excerpt from 'Musical letters from abroad' pp. 78-80 (665 words)

excerpt from 'Musical letters from abroad' pp. 78-80 (665 words)

part of

Musical letters from Abroad

original language

urn:iso:std:iso:639:ed-3:eng

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78-80

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text excerpt

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The presence of Robert and Clara Schumann was enough to attract a large audience. Anticipating this, our company, consisting of three persons, went a little before the time appointed for the opening of the door; but yet we found a crowd gathered; the room filled immediately as the door was opened, but we succeeded in obtaining good seats. We had now to wait a full hour before the music commenced, but in the midst of such a multitude of good-looking and well-dressed ladies and gentlemen, all in conversation in loud and merry voices, it soon passed away. Half an hour before the commencement, the oboe was heard, running the scales, &c.; this was soon followed by faggotti, corni, clarionetti, and strings; every man tuning and getting his instrument and his fingers in readiness. Mendelssohn seemed to look down from his bust immediately opposite the orchestra with approbation. At half-past six precisely, Kapelmeister Rietz takes his stand — the signal is given — every one is silent and attentive, and Beethoven’s overture (op. 124) fills the whole company with delight. This is a very pleasing overture; it is less learned, but of a more popular character than most of Beethoven’s. It is often marked with a rhythm like the music of the march or dance; and the flourishes of the brass instruments and drums almost lead one to suppose that he is listening to a military band. But still the hand of the master is seen, and although Beethoven comes down and freely holds conversation with the people, yet he always preserves his dignity, and never dishonors his profession in this pleasing composition.

A very good singer followed; Frau Leopoldine Tuczek-Herrenburg, from Berlin, in a Recitative and Arie from the opera of “Sylvana,” by C. Maria von Weber.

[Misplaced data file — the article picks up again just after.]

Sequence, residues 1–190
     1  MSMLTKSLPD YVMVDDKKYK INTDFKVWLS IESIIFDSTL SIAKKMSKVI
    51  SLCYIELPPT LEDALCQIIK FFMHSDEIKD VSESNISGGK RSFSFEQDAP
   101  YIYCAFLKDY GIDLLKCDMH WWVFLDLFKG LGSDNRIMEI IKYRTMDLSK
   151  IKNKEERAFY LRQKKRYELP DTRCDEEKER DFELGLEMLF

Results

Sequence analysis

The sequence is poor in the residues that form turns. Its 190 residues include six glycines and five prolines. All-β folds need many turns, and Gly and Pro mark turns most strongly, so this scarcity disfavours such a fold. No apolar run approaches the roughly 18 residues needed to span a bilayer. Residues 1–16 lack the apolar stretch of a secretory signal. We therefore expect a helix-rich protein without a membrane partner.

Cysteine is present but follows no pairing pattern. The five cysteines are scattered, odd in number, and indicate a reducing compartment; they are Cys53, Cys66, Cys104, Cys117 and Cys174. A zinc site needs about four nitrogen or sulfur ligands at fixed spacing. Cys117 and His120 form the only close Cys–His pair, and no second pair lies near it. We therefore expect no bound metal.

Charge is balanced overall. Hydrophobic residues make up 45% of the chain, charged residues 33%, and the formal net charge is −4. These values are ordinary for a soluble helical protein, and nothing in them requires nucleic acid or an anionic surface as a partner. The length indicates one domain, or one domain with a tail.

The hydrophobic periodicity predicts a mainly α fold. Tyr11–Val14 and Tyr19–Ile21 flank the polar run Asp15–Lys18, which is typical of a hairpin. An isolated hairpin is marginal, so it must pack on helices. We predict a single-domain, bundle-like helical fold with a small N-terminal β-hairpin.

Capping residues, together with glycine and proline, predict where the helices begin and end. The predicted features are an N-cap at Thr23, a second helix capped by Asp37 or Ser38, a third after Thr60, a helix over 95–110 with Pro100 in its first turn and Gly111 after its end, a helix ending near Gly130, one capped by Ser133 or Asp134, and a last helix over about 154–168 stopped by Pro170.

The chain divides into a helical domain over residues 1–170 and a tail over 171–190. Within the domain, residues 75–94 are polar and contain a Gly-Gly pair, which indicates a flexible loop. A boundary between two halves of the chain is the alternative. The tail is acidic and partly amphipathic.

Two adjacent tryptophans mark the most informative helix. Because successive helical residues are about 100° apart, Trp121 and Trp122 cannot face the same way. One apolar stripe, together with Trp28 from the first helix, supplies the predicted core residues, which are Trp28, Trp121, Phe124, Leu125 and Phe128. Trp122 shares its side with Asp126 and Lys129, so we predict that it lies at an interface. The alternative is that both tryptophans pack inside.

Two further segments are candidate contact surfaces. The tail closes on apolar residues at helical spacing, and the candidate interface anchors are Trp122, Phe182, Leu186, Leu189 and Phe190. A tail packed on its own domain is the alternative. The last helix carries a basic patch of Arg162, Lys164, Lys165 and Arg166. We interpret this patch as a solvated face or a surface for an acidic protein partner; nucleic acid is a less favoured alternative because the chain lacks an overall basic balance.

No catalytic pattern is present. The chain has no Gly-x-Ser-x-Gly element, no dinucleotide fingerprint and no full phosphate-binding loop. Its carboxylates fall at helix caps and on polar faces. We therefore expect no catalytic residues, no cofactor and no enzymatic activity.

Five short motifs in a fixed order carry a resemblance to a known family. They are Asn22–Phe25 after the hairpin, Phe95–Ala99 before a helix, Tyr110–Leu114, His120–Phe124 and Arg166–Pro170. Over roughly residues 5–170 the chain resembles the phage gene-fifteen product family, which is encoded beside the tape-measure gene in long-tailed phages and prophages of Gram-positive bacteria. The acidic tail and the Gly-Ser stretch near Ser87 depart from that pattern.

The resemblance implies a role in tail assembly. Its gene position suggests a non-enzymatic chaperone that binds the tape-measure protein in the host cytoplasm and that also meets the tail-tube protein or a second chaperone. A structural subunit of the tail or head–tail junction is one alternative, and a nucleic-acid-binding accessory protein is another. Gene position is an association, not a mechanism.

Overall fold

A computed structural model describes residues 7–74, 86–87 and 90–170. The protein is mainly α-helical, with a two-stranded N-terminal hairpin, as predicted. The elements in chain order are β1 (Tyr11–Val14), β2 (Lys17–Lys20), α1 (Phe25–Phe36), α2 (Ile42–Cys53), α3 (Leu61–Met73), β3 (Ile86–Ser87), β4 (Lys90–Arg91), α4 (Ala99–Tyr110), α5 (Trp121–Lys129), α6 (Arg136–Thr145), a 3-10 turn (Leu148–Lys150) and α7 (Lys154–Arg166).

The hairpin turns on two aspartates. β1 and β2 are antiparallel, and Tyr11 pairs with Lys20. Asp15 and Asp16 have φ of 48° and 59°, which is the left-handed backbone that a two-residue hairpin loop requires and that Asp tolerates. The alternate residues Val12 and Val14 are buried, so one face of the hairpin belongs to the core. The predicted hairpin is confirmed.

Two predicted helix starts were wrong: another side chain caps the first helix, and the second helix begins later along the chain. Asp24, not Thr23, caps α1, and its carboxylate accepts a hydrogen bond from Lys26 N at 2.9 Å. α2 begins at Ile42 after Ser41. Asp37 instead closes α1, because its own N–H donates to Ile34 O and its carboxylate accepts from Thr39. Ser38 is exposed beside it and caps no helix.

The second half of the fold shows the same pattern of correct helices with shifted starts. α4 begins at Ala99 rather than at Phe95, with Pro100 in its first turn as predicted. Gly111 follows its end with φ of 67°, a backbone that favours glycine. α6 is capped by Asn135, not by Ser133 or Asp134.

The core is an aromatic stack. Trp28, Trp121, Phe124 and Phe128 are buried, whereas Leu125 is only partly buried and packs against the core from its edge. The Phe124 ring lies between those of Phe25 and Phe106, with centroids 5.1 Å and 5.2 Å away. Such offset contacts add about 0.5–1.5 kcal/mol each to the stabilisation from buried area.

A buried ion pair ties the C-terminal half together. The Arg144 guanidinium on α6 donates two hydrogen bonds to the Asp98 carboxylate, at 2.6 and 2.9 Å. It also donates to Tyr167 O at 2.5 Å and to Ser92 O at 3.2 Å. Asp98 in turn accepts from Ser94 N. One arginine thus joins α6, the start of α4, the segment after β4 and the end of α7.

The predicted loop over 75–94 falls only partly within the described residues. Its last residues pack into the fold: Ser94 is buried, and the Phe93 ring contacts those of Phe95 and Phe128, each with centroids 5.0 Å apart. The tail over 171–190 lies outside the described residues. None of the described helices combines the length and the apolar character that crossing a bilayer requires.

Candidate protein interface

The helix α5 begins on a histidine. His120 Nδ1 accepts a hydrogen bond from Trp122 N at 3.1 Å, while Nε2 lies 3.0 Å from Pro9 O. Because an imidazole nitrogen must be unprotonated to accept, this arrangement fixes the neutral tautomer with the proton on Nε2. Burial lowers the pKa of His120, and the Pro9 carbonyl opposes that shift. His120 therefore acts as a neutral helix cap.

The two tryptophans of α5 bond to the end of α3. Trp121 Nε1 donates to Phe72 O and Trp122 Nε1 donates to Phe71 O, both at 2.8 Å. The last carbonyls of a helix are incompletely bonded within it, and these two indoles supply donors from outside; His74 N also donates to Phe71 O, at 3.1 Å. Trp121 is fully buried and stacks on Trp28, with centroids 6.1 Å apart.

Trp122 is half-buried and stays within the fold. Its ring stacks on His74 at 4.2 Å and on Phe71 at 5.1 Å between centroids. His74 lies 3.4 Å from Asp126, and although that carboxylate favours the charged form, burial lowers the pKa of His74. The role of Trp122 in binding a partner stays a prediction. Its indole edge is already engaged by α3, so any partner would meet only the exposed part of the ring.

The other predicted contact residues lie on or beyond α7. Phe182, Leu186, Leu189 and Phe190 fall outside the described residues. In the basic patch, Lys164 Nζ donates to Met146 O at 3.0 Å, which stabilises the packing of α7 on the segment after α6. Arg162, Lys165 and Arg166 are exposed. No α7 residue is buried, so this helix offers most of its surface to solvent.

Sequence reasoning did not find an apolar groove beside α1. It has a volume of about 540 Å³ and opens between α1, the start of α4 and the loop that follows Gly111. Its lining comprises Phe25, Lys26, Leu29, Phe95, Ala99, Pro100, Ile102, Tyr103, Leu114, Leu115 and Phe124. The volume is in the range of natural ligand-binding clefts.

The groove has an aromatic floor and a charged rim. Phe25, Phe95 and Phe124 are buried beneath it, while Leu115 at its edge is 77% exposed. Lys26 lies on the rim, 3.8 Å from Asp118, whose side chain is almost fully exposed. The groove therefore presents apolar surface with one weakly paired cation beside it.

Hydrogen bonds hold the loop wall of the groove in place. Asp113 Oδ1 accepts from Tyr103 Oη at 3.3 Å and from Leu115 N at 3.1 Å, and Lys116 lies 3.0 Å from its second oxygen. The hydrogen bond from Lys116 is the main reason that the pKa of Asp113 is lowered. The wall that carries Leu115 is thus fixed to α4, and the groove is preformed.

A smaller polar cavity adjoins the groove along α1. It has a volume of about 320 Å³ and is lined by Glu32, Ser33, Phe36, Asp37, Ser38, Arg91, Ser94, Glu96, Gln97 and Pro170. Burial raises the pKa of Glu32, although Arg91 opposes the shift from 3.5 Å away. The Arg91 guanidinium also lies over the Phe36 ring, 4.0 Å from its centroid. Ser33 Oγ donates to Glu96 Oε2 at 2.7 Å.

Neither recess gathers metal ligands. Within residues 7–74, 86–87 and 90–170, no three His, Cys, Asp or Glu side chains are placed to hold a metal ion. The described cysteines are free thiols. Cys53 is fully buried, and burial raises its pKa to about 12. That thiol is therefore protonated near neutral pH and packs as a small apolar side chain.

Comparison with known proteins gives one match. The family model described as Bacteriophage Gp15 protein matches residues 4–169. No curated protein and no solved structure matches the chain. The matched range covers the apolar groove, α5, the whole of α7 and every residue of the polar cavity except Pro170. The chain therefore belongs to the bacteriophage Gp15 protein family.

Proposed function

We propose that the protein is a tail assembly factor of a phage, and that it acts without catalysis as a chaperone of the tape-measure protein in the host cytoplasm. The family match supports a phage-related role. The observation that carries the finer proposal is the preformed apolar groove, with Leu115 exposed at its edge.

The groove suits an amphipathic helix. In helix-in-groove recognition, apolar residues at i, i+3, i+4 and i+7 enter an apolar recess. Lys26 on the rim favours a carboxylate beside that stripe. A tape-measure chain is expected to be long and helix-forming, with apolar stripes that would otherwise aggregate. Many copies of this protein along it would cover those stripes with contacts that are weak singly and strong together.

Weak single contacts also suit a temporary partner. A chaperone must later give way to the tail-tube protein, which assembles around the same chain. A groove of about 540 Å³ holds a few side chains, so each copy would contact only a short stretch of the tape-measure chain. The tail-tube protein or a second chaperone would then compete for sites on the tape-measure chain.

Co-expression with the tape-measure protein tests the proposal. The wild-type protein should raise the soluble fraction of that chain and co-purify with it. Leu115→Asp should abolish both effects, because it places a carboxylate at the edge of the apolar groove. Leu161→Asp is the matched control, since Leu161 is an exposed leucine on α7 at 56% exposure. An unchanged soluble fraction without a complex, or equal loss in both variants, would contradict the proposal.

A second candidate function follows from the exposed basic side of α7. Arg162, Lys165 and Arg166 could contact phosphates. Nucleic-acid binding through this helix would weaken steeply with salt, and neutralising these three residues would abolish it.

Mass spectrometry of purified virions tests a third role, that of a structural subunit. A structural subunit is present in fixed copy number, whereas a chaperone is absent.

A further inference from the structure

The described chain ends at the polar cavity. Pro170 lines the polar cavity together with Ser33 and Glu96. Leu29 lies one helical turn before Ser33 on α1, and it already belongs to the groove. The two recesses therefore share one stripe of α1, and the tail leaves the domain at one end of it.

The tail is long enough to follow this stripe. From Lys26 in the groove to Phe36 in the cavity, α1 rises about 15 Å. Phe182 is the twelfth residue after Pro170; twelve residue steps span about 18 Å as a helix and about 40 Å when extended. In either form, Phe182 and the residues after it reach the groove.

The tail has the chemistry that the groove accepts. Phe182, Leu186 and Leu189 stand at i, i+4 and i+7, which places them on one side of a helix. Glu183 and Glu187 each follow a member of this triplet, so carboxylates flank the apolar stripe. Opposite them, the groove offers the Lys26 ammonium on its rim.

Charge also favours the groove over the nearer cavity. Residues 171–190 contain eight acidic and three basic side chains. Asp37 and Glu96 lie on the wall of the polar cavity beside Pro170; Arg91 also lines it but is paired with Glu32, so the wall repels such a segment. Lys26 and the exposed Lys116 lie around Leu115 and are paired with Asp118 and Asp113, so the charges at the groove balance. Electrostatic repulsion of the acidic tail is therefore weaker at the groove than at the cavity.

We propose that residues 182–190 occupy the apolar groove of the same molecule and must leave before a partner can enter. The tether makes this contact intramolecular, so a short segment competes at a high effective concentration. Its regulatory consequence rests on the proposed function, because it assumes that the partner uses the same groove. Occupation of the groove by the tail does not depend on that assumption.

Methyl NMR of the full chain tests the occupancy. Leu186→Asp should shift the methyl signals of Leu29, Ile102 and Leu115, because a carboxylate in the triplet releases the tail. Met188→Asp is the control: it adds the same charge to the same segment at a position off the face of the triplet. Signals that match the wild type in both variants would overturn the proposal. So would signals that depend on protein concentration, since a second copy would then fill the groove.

This was followed by a grand Concerto for the Piano Forte, with orchestral accompaniment (G moll), composed by J. Moschelles, and played by Clara Schumann. I have already spoken of Madame Schumann’s playing; her performance of this Concerto was perfect, and received the warmest approbation from the audience.

An air of De Beriot followed, by Frau Tuczek-Herrenburg; after which Madame Schumann played most charmingly a Notturno (B. major) for piano forte, by F. Chopin. In this she was encored, and played in answer to the call another piece unknown to the writer.

The second part of the concert was that in which the musical ones were most deeply interested, for it consisted of Robert Schumann's new Symphonie. This has not been published, and was played from manuscript, conducted by the author, who was cordially greeted on his appearance at the head of the orchestra. It is undoubtedly a work of great merit; but it is truly a great work, and can only be performed by a very thoroughly trained band. Its analogies and correspondencies are deeper and more hidden than in Mozart or Beethoven, but nevertheless they are there, and can be discovered to some extent even at a first hearing. The Symphonie consists of five movements, there being in addition to the usual movements a short adagio (fourth) introduced. In the second movement (scherzo), there is playfulness and relief, but throughout the whole the idea of greatness prevails; so much so as almost to oppress one with a feeling of grandeur and sublimity. The fourth movement especially seems to partake in the highest degree of this character, and stirs up the deep feelings to awe and reverence. But vain is any attempt at description, especially by one who has heard it but at a single performance. It was played with great energy; every member of the orchestra had enough to do. The captain inspired confidence, and the result was most satisfactory. There was but a momentary pause between the parts, and in this respect the learned conductor’s example is well worthy of imitation. The Symphonie occupied thirty-three minutes in its performance, and at half-past eight the concert closed.

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excerpt from 'Musical letters from abroad' pp. 78-80 (665 words)

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